Since I started the MBA this has been the fourth practical experience in which I have worked hand to hand with real companies, from a FinTech start-up to an energy trader. All of these projects have complemented the human values and professional skills I was looking for to improve when I arrived. Nevertheless, I will remember the Irish project with special fondness. Once again, it has been the people who I have shared this experience with what made the trip so great.

The good atmosphere made it possible for us to enjoy this experience to the fullest. I take with me all that I learnt from my colleagues and the team at the company that worked hand to hand with us, the good conversations at The Bleeding horse bar, the early morning jogging through Dublin’s streets, the hotel’s jacuzzi after a long day of work, the Irish stew of the Hairy Lemon, the meatloaf at The Old Storehouse, the Redbreast whiskey and the Guinness beer, the live music at Temple bar, dancing at Dicey’s, working long nights at the hotel with the team, and the satisfaction of a job well done and, above all, I take with me all the good friendships I have made.

 

Tristán Oriol Lapetra 
Full-time MBA (2019)

 

The road to Toronto

I was recently asked whether six months down the line, the Cass MBA was what I had expected it to be. My answer was ‘No, not at all.’

Well for one reason, I wasn’t quite expecting to be heading to Toronto with my MBA classmate Varun Venkatraman next week. We will be representing Cass as one of only three teams to make it to the Ben Graham Centre’s 2018 International Stock Picking Competition Finals, hosted by Ivey Business School. Better yet, we will be the first European business school to do so!

Having just visited Dublin for International Consultancy Week and Israel/Palestine on the agenda for my international elective in early May, I definitely hadn’t planned to add any further trips during this hectic period; juggling MBA studies, job applications and working on my Business Mastery Project.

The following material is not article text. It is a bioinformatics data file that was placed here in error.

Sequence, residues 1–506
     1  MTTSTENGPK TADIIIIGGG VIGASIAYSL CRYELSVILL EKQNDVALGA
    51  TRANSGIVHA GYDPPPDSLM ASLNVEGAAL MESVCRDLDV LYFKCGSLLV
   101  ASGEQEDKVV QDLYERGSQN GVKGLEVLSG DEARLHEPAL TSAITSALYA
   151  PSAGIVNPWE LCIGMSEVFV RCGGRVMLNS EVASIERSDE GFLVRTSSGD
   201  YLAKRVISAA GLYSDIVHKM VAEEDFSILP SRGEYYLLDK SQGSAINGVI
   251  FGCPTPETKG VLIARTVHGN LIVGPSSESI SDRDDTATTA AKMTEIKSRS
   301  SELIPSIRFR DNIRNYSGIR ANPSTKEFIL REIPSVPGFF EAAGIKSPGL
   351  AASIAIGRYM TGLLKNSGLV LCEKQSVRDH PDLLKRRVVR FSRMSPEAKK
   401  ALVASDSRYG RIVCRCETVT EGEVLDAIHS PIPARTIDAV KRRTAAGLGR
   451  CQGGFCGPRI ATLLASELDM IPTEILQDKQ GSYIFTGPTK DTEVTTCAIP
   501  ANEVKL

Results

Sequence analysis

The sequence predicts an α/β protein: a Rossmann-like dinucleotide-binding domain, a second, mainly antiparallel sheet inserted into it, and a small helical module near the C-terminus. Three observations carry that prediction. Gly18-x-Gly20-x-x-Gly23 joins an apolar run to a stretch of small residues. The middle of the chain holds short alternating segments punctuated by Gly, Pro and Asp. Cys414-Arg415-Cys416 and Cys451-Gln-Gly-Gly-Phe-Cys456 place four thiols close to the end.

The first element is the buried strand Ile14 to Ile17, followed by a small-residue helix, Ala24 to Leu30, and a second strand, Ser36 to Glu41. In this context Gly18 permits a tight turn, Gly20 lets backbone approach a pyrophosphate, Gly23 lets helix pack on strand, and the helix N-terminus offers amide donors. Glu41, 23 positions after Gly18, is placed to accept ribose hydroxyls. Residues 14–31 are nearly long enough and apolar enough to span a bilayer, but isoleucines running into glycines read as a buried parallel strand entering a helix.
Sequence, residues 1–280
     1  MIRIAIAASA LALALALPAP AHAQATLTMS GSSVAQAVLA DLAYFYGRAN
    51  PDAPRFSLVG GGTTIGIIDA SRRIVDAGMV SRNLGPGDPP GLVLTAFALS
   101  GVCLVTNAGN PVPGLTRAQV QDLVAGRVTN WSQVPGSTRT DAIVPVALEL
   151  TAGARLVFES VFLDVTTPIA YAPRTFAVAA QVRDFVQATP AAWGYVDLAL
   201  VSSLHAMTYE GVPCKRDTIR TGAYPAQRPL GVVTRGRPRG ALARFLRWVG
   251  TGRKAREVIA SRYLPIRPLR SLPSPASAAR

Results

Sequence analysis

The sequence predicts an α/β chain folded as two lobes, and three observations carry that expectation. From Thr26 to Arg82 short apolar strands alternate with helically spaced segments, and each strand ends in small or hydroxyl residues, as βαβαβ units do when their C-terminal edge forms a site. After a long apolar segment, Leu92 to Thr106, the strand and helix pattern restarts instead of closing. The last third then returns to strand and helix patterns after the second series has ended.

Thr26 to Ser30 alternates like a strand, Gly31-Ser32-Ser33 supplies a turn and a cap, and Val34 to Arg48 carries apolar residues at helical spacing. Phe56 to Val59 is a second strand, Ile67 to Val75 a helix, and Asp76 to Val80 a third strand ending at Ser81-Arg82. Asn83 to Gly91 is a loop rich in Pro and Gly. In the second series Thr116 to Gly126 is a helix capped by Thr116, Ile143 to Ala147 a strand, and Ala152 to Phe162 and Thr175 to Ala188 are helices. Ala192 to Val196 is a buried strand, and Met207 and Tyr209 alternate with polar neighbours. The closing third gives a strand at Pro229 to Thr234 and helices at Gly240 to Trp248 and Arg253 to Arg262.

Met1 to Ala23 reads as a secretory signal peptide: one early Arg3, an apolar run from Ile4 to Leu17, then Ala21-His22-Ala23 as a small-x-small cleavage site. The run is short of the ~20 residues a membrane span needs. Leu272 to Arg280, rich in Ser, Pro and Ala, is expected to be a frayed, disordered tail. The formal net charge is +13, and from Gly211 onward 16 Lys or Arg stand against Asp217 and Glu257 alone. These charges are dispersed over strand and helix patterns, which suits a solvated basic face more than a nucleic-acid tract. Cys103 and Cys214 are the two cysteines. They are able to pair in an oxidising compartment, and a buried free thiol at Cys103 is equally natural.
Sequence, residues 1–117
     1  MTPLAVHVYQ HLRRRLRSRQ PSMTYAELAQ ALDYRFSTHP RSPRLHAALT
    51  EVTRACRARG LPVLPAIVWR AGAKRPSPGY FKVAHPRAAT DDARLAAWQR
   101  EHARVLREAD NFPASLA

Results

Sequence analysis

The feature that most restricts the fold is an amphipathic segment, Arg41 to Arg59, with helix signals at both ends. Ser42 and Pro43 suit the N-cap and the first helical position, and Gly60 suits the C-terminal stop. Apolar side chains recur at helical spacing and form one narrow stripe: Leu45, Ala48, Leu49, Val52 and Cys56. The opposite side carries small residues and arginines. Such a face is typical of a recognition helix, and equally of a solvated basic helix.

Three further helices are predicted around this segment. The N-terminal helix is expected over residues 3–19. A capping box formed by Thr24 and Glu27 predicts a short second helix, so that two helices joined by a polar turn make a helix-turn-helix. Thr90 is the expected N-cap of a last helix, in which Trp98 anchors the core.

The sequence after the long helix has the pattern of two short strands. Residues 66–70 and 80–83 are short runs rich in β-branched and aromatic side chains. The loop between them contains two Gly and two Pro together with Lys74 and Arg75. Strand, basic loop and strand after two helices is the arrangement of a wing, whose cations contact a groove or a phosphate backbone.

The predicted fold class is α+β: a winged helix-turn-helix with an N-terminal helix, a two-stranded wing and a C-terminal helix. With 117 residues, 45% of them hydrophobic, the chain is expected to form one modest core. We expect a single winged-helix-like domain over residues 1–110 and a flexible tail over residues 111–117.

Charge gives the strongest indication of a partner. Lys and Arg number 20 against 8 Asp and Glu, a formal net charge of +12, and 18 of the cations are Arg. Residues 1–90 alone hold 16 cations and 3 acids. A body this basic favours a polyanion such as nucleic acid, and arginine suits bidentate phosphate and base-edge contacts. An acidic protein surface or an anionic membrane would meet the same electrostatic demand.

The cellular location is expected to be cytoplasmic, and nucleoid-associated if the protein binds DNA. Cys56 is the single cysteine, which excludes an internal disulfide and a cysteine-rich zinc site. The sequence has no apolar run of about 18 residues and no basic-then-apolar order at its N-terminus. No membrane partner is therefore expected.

Yet here I am, squeezing in another trip to Canada.

When I told my mum, she marvelled, ‘Stocks? That’s so not your thing. That Varun guy must be very special if he can get you to do something like that.’ That surprised me in two ways: despite her general pretence of not really understanding what I do in my job in financial markets, my mum actually knew I don’t care much for microeconomics and stocks.

And secondly, she was absolutely right about Varun, he was the only person who could have made me sign up for this. So how did we end up here then?

Rewind to October 24th when the Stock Picking Competition was first announced via email, barely two months into our MBA. I remember reading about it, taking note of yet another interesting challenging experience to gain during the MBA and quickly hitting the delete button. Stock picking wasn’t in my sphere of interest at all. But I undoubtedly knew who’d be all over it: Varun.

In life we develop many types of friends and I dare say the older we get, the less likely we have people we call friends just out of circumstance. We know the difference between work colleagues, acquaintances and friends, and even though we might publicly use those terms more loosely, most of us reserve the title of real friends for the special people in our lives.

Unlike in kindergarten, the mere fact that you ended up sitting in the same row is reason enough to become friends. Very rarely we find that one person who we can bestow the title of ‘best friend’ we so innocently gave to people when we were little.

Funnily enough, Varun was the equivalent of that kindergarten kid sitting in the same row; alphabetically next me so that I sit right in front of him during all exams, he was also in the same group as me through induction to Block 2. The Cass MBA Gods (most likely our Course Officer Tony Whiteman) made it easy for us to find each other. And we’ve been pretty much inseparable since.

So when this competition came around, I was quick to dismiss my own participation but also to encourage his, telling him to apply alone because I knew he’d be more than capable of handling this challenge independently.

However, as the deadline grew closer, he grew more encouraging for my participation. He wanted someone to bounce ideas off but also to critically check his logic, someone with a different way of thinking and unafraid to express it but whose opinion he equally valued enough to listen to.